It truly is The Slap that keeps on giving and giving and giving …
Almost five months after the 2022 Oscars, Zoë Kravitz said in a Wall Street Journal interview published Tuesday that she regrets how she responded online to Will Smith slapping Chris Rock at the March award show.
“Here’s a picture of my dress at the show where we are apparently assaulting people on stage now,” the “The Batman” actor captioned her since-deleted March 29 Instagram post. “And here is a picture of my dress at the party after the award show — where we are apparently screaming profanities and assaulting people on stage now,” she wrote in another Instagram post from that day, also now deleted.
When one commenter criticized her take on the situation, saying, “You don’t support him defending his wife?,” Kravitz simply responded, “Nope.”
Several months removed, the 33-year-old is still reflecting on the incident — but with a more conflicted view.
“I’m torn about what to say right now, because I’m supposed to just talk about it; I have very complicated feelings around it,” Kravitz told WSJ. “I wish I had handled that differently. And that’s okay.”
She went on to note that it’s a “scary time” to have nuanced opinions and that internet culture is antithetical to the nature of art.
“It’s a scary time to have an opinion or to say the wrong thing or to make controversial art or statements or thoughts or anything,” the “High Fidelity” star said. “It’s mostly scary because art is about conversation. That should, in my opinion, always be the point. The internet is the opposite of conversation. The internet is people putting things out and not taking anything in.”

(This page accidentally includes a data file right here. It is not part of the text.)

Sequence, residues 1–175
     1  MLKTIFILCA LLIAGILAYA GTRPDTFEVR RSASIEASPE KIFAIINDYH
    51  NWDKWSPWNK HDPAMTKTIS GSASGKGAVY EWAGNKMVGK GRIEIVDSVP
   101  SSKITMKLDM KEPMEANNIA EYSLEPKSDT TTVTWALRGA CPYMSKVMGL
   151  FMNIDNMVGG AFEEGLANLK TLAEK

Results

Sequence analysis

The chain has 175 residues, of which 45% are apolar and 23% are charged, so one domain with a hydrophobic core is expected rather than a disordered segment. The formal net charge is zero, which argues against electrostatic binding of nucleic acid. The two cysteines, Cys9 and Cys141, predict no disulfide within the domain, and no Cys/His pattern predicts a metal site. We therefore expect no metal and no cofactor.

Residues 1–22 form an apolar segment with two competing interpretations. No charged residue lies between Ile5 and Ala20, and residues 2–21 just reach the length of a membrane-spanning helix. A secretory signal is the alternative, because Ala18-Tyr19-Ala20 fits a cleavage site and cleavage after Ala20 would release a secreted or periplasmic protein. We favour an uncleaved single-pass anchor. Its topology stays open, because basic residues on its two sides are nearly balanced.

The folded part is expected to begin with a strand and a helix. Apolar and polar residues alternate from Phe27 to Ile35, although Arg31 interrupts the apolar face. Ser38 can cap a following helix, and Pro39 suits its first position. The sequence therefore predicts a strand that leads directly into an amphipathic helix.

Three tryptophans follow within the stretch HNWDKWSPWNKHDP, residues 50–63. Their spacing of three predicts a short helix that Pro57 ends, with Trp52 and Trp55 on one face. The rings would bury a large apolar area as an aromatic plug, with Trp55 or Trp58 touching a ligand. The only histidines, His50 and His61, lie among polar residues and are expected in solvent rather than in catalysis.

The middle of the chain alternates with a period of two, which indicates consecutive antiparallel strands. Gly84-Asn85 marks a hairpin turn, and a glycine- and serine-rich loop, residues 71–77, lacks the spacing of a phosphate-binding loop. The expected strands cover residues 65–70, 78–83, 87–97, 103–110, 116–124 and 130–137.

Kravitz referred to herself as an artist and said that the essence of being an artist is not about “everybody loving you” or “thinking you’re hot.”
“It’s about expressing something that will hopefully spark a conversation or inspire people or make them feel seen. I think I’m in a place right now where I don’t want to express myself through a caption or a tweet. I want to express myself through art.”
Kravitz’s revival of The Slap discourse comes a few weeks removed from Smith expressing remorse for the incident in an apology video.
“[D]isappointing people is my central trauma. I hate when I let people down. So it hurts,” Smith explained in the video. “It hurts me psychologically and emotionally to know I didn’t live up to people’s image and impression of me.”
“I am deeply remorseful and I’m trying to be remorseful without being ashamed of myself. … So I would say to those people, I know it was confusing. I know it was shocking. But I promise you, I am deeply devoted and committed to putting light and love and joy into the world.”